Encouraged by a Frank Bruni column in The New York Times to read a piece in the arch-conservative National Review, I read it.
I almost wish I hadn’t.
The National Review article, by smug, class-baiting Kevin D. Williamson, verily seethed with contempt for America’s so-called “Ivy League elite,” the supposedly rarified folks that down-on-their-luck conservatives who voted for Donald Trump love to hate.
Williamson’s take-down of snobbery is only peripherally defensible and only in small part, while it is mostly prejudicial nonsense. The defensible part is that non-elites have always been viscerally envious of the elite in most societies, and the elite are often overtly smug and condescending about their status. That’s on them. But, still, their elite-ness is due to their embodiment of particular attributes societies have always generally viewed as superior. Elites have always been richer and better educated than non-elites, more substantive, one might say, and, because elite men tend to better attract beautiful women, often better looking too, genetics being what it is.
As Williamson writes:
“In Oliver Stone’s fever-dream Nixon, the embattled president stands in front of the famous portrait of the martyr John F. Kennedy, which he addresses with a mix of bitterness, self-pity, and awe: ‘When they look at you, they see what they want to be. When they look at me, they see what they are.’ That is exactly right.”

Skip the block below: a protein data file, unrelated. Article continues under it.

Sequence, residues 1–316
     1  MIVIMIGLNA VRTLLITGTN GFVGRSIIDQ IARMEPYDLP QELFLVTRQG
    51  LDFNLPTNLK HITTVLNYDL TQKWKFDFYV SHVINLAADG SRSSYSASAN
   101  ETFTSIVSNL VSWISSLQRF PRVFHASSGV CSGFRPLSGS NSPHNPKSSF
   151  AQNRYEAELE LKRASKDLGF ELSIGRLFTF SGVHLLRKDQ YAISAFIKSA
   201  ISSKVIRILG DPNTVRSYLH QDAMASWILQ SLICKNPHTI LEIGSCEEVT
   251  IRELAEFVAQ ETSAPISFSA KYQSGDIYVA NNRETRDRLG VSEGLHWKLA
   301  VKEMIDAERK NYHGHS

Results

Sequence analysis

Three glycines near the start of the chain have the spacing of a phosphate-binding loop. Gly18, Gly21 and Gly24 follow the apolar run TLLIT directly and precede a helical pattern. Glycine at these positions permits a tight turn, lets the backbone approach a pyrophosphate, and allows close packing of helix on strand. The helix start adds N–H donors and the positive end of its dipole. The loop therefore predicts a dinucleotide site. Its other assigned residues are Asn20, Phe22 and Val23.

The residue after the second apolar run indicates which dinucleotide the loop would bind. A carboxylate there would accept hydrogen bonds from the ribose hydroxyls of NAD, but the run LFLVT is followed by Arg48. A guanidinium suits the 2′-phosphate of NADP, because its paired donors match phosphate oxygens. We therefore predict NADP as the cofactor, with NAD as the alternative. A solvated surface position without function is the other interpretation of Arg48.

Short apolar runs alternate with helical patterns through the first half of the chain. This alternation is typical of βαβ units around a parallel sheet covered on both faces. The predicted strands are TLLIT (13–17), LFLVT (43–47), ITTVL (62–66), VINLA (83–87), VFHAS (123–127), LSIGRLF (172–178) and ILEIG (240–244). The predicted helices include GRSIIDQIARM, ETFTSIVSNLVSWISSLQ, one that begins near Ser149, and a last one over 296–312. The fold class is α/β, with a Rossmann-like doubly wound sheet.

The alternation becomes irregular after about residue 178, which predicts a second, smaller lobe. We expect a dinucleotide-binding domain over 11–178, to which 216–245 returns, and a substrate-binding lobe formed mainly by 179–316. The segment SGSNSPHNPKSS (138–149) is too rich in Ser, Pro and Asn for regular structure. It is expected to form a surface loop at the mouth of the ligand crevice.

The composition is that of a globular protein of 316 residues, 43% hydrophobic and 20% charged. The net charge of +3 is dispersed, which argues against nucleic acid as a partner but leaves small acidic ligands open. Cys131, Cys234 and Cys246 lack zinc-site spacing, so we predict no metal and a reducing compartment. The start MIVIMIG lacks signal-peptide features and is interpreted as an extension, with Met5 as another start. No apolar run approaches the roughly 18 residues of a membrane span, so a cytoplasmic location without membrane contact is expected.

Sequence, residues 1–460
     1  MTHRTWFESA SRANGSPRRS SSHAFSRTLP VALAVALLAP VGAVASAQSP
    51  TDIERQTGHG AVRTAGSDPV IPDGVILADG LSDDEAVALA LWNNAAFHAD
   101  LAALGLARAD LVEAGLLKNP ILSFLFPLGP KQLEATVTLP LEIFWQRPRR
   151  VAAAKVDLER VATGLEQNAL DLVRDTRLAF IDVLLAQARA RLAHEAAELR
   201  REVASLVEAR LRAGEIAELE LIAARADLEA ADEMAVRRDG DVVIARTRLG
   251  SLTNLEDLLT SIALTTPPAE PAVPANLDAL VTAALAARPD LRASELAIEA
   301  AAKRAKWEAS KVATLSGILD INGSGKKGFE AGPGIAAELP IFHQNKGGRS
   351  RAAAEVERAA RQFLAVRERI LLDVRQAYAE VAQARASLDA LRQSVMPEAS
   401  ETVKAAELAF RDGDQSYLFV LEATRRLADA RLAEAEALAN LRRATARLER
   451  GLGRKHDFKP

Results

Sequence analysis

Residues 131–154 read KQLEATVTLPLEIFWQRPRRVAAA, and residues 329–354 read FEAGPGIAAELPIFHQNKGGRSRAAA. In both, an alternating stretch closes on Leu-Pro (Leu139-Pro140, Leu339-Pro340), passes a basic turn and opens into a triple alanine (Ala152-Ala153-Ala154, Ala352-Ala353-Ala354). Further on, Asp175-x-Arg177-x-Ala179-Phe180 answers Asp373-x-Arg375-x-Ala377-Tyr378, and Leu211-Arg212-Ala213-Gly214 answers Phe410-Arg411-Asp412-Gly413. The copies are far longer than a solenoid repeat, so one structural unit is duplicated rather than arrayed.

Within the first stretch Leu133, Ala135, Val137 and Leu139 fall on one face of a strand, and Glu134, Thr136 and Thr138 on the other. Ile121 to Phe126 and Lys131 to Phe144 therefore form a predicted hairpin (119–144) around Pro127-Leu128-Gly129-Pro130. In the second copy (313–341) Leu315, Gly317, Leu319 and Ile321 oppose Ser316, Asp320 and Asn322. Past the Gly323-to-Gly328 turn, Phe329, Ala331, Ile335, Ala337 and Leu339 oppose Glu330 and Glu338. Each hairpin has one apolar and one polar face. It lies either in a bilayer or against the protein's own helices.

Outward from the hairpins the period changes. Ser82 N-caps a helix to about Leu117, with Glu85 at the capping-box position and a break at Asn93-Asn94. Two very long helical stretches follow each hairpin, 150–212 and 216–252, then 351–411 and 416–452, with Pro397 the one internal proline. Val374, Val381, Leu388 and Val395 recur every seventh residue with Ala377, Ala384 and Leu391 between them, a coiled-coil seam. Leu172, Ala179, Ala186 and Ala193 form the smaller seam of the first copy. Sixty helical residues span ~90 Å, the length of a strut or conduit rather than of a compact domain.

And almost tragic.
Yet, despite its several compelling, engrossing moments, this hit-job of a column by Williamson is fundamentally unsound. He even admits at one point that he’s a member of the elite he is so contemptuously trashing:
“I myself am an unapologetic elitist; I am only pointing out the contradiction.”
No. More definitive is what he’s not pointing out: his hypocrisy. How can an honest person ruthlessly attack a group of people of which he wholly identifies and claim good-faith intellectual authenticity? It’s a rhetorical question whose answer is already apparent.
This current anti-intellectual, anti-science, anti-elite moment in American politics is disconnected from the reality that none of those things is inherently negative or wrong or hateful. The non-elites just don’t like them, I suspect, because those capacities they denigrate in others make them feel inadequate, inconsequential themselves.
That is why in high school, say, there’s always a large subset of students who loathe the “cool kids,” who seem to have everything — looks, friends, smarts, status and a prominent role on a sports team, or secondarily, the presidency of the Student Council. Not to mention hot paramours.
The ‘faux-Hispanic progressive’
Williamson’s article about toxic snobbery focuses on Beto O’Rourke, the U.S. Senate candidate who tried but failed to unseat the unlovely and unlovable Sen. Ted Cruz in the midterms. He contends that elites like O’Rourke, which he disparages as “the faux-Hispanic progressive from El Paso,” condescend to the relatively unpolished likes of Donald Trump and Sarah Palin, who are then “lionized for standing up to the condescension.” He continues in that reverse-snobbism vein: